1983 to 1984: Adjunct Lecturer in modern Chinese history, Suffolk University, Boston; Edward R. Murrow Fellow in Public Diplomacy, Fletcher School, Medford, Mass.
CAMPUS JOURNALISM:1986 to 1988: On the Board of Directors of The Daily Collegian, Penn State's student daily.
SURVEY RESEARCH:1989 to 1990: As Research Associate, East Asian Studies Center, Penn State University responsible for developing and carrying out survey research on attitudes of American academics specializing in international affairs toward Taiwan and other parts of Asia.
Earned MS at Columbia University Graduate School of Journalism (1971). Studied social work at Boston College's Graduate School of Social Work, (1995-1996).
History and political science at Oberlin College (BA 1963) and the University of California, Berkeley (MA 1964, CPHIL. 1968). After completion of course work and preliminary examinations, advanced to candidacy for the Ph.D. in political science, 1968 with major field in East Asian politics and minors in American government and international relations. Studies involved history and politics of China, and Southeast Asia, as well as Japan, the Koreas, and India. Studies included the Soviet Union and other communist states.
Spent 1968 to 1969 in Hong Kong studying Chinese language at New Asia College of the Chinese University of Hong Kong. Also was a political science teaching assistant at United College of the Chinese University of Hong Kong under a University of California exchange program. Continued doctoral research on China's national minorities policy at the University Service Center in Hong Kong. Continued study of Chinese in Taiwan as a National Defense Education Act Fellow (1969-1970).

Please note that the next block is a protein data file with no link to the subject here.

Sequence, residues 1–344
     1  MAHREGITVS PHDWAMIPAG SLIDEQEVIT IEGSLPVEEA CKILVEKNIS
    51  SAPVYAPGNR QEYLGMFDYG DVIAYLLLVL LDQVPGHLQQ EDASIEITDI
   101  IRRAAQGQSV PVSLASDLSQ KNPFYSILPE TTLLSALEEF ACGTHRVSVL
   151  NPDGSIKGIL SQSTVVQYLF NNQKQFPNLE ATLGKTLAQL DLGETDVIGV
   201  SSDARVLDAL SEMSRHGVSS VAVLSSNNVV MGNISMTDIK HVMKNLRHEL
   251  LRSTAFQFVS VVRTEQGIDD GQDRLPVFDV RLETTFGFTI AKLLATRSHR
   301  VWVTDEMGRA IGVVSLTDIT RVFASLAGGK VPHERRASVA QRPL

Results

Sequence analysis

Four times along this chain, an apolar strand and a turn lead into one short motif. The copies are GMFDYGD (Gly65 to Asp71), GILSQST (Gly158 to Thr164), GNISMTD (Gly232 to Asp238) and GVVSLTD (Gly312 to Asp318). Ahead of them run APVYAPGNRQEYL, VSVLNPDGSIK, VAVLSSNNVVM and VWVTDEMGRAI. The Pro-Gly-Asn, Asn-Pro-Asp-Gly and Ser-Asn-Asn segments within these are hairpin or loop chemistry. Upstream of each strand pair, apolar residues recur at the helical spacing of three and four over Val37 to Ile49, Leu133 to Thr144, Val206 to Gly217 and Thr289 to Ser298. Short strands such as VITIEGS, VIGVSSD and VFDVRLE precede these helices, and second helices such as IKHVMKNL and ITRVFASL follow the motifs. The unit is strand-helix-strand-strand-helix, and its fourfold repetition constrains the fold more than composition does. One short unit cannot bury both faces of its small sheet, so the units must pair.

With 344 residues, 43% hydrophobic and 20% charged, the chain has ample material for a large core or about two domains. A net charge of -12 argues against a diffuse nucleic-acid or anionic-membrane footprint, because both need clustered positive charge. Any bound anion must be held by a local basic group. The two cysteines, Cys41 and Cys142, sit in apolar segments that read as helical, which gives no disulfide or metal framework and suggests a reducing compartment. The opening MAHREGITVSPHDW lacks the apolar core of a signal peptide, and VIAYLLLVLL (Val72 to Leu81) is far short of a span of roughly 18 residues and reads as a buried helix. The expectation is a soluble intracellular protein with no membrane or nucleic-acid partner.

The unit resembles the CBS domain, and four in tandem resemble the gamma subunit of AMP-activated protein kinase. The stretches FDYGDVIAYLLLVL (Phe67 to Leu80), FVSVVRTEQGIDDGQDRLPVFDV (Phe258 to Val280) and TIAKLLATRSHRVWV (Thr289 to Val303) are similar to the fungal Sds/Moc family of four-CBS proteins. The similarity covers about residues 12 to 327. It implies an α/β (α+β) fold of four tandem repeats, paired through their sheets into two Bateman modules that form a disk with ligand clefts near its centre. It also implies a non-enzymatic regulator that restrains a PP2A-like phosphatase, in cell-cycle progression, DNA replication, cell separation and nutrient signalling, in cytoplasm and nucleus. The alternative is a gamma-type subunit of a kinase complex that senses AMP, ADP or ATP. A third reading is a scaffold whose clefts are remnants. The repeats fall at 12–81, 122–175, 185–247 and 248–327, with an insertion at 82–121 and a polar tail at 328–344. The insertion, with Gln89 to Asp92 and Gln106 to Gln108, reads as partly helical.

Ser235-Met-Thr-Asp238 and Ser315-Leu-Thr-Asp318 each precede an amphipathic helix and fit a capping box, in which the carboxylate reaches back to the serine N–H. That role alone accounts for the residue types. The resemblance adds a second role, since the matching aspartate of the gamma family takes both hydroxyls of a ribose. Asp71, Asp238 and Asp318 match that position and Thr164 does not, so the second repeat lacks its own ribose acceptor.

COMPUTERS:Customer/Technical Support Representative with The Internet Access Company, Bedford, MA (1996-1997). Assisted and troubleshooted with both MAC and PC users on connectivity issues and web site maintenance.
Computer skills developed both at The Christian Science Monitor, The York Daily Record and at The Pennsylvania State University included Atex mainframe writing and editing, laptop computers such as the Tandy Model 100, and other computers including the Compugraphic editing system, IBM compatibles, and a variety of Macintoshes.
Have incorporated teaching on the use of databases into Penn State's advanced reporting course. Have trained on Knowledge Index, VU/TEXT, and CompuServe, all serving as preparation for teaching and publishing on the internet.
RADIO:An interest in radio led to a period of contributing Asian news reports, analysis, and interviews for National Public Radio's "All Things Considered" from 1977 to 1980, while stationed in Hong Kong. International short-wave radio has been used both as a news source for writing and for 1987-8 consulting work for WCSN, the short-wave affiliate of The Christian Science Monitor.
LANGUAGES:Began Chinese study at the University of California, Berkeley in 1967; continued in Hong Kong, Taiwan, Columbia University, New York, and with private tutors in Boston.
CONFERENCE PLANNING:Consultant and organizer assisting The Christian Science Monitor in planning a conference for journalism school students entitled "Press Responsibility and the Third World," held in Boston March, 1987. Professors and two students each attended from about 150 schools.
CONSULTING:1987 to 1988: Consultant and trainer for WCSN, the short-wave affiliate of The Christian Science Monitor. Evaluation of programming and development of training materials, beginning August 1987.